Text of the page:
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Woman with shining water behind herThis coming Sunday, August 8th, is my birthday. I will turn 44, which officially places me in my mid-forties.   There’s no denying it at this point; I’m now “middle-aged.” I don’t like the imagery evoked by that term, but I know intuitively that the term has no real intrinsic meaning. 

The labels we place on ourselves are what we make them, much like life itself. To quote an old Talk Talk song from the 80s (I don’t have to worry about “dating” myself since I already gave my age away!), “Baby, life’s what you make it.  Celebrate it!”

Embracing the Aging Process

Instead of fearing the aging process or denying it, I choose to embrace it and face it head-on. Although I have the requisite wrinkles and grey hairs which inevitably accompany middle-age, I feel that the positive points of having reached this milestone far outweigh the negatives.

I’ve decided to dedicate this post to my reflections at mid-life. What have I learned about myself and about life over the years?  What would I tell my younger self if I could be transported back in time to talk with her? What wisdom could I impart to her to help make her journey a bit less troubled and fraught with difficulties?

Key Points of Wisdom at Mid-Life

I can encapsulate my key words of wisdom into three main points, which I will address in detail below:

  1. Feeling good is more important than looking good.
  2. Life is more than accomplishments.
  3. Strive for balance in all things.

Feeling Good is More Important Than Looking Good

When I was in my teens and twenties (heck, even a large portion of my thirties), looking good was of the utmost importance. I risked my health in countless ways, all in the pursuit of my image of beauty and perfection.  I starved myself, exercised obsessively, binged and purged, and abused diet pills and other substances in order to achieve the unrealistic and unhealthy level of thinness that I felt was attractive.  My eating disorders pushed me to the brink of death on multiple occasions and I am extremely lucky to have survived and to be alive today.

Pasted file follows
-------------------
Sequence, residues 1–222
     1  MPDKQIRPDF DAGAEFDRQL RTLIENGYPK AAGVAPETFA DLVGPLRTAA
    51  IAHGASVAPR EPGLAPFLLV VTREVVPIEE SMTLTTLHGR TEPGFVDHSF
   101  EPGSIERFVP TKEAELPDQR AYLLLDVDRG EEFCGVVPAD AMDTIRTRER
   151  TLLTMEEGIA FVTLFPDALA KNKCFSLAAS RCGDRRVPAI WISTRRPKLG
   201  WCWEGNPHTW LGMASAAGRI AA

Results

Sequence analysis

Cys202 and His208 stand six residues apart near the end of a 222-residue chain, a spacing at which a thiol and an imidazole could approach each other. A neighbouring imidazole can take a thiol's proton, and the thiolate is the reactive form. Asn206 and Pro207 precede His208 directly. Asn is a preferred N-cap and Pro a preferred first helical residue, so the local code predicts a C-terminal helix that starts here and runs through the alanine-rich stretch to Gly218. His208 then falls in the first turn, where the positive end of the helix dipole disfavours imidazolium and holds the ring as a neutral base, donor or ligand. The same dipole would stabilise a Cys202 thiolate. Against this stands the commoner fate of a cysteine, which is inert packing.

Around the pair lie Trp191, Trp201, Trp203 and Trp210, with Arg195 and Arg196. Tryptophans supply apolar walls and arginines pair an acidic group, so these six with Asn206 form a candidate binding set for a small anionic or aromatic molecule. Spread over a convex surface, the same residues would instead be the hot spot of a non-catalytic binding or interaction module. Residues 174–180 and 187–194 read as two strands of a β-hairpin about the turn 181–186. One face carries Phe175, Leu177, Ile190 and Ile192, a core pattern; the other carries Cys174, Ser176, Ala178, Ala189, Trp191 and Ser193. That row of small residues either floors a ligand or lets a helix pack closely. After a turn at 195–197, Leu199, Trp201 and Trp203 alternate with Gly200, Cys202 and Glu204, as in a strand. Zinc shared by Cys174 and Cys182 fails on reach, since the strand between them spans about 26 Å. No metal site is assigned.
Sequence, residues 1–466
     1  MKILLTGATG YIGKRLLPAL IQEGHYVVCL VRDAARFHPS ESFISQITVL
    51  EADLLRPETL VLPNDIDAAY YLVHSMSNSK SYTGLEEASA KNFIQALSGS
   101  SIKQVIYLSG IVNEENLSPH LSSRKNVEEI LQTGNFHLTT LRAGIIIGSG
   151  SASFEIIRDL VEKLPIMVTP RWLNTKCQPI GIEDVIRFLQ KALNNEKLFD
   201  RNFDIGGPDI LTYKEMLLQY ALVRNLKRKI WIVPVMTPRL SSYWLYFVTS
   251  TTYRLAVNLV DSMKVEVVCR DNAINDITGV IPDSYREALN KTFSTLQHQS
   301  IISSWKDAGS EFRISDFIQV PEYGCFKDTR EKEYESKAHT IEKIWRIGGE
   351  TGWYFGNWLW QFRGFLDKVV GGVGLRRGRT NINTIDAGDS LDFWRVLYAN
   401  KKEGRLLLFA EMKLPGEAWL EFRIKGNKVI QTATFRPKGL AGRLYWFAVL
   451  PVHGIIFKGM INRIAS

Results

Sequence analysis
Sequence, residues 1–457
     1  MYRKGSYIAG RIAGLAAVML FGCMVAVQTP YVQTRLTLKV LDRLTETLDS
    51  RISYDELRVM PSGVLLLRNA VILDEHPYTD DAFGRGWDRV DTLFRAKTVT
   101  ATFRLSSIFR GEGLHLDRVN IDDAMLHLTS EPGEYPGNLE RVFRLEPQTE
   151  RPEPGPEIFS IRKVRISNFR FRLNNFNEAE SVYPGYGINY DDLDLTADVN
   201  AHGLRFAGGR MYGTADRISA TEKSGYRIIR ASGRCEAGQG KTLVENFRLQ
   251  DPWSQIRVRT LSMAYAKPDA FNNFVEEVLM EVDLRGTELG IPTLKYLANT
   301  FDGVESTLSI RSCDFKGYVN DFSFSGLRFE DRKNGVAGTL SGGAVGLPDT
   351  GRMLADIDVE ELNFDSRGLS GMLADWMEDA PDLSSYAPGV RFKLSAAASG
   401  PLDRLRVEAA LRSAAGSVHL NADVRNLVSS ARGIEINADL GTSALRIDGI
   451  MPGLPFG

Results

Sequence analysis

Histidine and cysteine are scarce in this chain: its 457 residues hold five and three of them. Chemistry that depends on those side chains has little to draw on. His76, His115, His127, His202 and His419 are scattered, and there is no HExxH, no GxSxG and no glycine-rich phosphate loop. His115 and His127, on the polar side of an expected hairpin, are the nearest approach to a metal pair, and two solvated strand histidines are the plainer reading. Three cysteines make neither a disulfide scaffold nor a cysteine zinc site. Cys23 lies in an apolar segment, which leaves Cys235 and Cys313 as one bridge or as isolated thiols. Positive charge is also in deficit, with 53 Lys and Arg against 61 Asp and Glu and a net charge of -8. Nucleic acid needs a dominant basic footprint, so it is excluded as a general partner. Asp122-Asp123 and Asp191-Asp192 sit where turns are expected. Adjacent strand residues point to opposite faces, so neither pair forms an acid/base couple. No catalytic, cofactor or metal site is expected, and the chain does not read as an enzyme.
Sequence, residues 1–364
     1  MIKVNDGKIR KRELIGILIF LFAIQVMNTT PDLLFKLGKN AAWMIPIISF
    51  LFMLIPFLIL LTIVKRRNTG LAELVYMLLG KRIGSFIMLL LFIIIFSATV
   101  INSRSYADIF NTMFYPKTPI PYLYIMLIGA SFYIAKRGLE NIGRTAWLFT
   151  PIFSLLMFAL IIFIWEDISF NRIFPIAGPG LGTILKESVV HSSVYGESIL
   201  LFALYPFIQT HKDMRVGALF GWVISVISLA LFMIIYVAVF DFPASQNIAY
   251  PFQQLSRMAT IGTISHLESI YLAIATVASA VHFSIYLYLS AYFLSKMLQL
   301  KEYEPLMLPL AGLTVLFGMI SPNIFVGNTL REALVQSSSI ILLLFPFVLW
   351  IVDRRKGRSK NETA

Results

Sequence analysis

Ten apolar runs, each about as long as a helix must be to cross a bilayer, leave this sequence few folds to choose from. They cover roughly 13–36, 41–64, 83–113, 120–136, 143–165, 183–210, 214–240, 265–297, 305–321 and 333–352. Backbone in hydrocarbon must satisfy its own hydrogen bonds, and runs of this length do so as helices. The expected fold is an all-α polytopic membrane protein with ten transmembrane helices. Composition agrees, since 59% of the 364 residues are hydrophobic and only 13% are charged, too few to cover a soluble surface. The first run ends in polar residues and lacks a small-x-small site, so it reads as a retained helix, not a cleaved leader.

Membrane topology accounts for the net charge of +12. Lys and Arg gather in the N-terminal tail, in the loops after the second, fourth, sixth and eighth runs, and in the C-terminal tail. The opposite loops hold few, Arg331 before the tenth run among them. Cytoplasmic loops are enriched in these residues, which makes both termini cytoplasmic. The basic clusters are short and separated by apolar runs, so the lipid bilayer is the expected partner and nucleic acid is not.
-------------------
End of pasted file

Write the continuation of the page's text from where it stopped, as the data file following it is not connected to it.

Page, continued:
My younger self lived for the moment and didn’t consider the potential lasting repercussions of her actions. I didn’t realize at the time that I would still be feeling the effects of my misguided behavior many years down the road, yet I am convinced that many of the health concerns which continue to plague me are rooted in the self-destructive behaviors of my earlier years.

Sadly, it is only in the absence of good health that many people come to value their physical well-being. It is all too true that vibrant health and vitality is our greatest blessing and that it is difficult to experience life happiness without it.  The old adage that without our health, we don’t really have anything is painfully true.

If I were granted the ability to speak with my young and troubled self, I would do my best to convince her just how important health is and that feeling good is more important than looking good. I would also strive to expand her view of beauty to include body types other than extreme thinness and to highlight the value of inner beauty.

I am not sure how much of an impact my pleas would have on the young me, as I was extremely depressed and devoid of any real sense of self-worth at the time, but perhaps my words will have a positive effect on some of my young readers.  If I could turn back the clock, I would embrace my youthful health and strive to be strong, vibrant and athletic instead of thin and unhealthy.

Life is More Than Accomplishments

When I was younger, my life was all about achievement. I wanted to graduate college with honors, do the same with graduate school, and climb the corporate ladder to what I thought was “success.”  As I’ve matured, my perspective on success and accomplishment has changed. The things that I thought would lead me to feel happy and satisfied did not produce that result.  I came to realize that true success consists of inner peace and being able to look in the mirror and be happy with the person you see staring back at you.

If you ask a person in his twenties or thirties about his goals for life, it’s likely he will speak about career aspirations and the “American Dream” of owning a home. Of course, he might also mention his dreams of marrying and starting a family, but chances are his initial statements will be career-related. 

If you ask a person in his fifties or sixties to share his goals, the response will generally be focused in a different direction. He will likely speak of spending more time with his family, pursuing a hobby, or traveling to other areas of the world.  The older person typically values experiences over accomplishments. This doesn’t invalidate career pursuits, but it does highlight the importance of balance in life.

A few years ago, I was out with a small group and we got to talking about success.  When I lamented my lack of success, I was met with surprise from my companions, who stated that they considered me to be quite successful. When I tried to argue with them, one woman enumerated the facets of my success:  a happy marriage, living in an area I love, my educational accomplishments, my freedom to set my own schedule and pursue passions, and my continued path toward self-improvement.  When I thought about it, I realized she was right.  Although I didn’t necessarily fit the societal definition of success, my life was quite successful indeed!

Truth be told, I still wrestle with my personal definition of success and grapple with feelings of failure and inadequacy.  However, my view of success has become more expansive in recent years.  It now includes more facets of my life besides career and money and is centered more on living a happy and balanced life.